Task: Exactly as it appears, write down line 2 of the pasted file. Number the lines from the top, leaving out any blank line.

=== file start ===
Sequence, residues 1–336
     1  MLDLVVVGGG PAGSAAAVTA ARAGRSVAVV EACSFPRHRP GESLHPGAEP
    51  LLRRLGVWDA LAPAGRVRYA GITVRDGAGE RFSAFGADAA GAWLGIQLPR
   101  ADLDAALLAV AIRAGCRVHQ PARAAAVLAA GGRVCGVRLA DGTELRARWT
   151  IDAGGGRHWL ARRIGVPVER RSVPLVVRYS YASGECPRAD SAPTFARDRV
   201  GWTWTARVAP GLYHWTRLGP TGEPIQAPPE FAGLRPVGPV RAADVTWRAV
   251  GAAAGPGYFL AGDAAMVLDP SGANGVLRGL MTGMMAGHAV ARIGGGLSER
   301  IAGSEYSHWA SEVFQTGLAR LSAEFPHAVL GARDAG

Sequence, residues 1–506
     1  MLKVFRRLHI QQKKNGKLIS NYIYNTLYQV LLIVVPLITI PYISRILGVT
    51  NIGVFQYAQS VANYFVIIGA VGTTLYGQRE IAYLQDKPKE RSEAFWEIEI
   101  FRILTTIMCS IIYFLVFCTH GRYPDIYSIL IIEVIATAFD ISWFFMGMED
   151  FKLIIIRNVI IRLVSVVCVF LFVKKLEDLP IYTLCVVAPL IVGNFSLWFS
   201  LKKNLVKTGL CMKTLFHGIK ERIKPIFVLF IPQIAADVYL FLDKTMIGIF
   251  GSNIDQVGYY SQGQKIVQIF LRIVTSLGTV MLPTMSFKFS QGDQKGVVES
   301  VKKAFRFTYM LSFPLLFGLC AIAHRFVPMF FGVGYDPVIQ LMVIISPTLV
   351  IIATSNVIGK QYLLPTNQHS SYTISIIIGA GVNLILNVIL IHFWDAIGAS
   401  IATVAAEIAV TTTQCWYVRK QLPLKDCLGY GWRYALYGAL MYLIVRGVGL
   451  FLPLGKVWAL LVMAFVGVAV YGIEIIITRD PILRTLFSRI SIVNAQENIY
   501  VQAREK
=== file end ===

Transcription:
     1  MLDLVVVGGG PAGSAAAVTA ARAGRSVAVV EACSFPRHRP GESLHPGAEP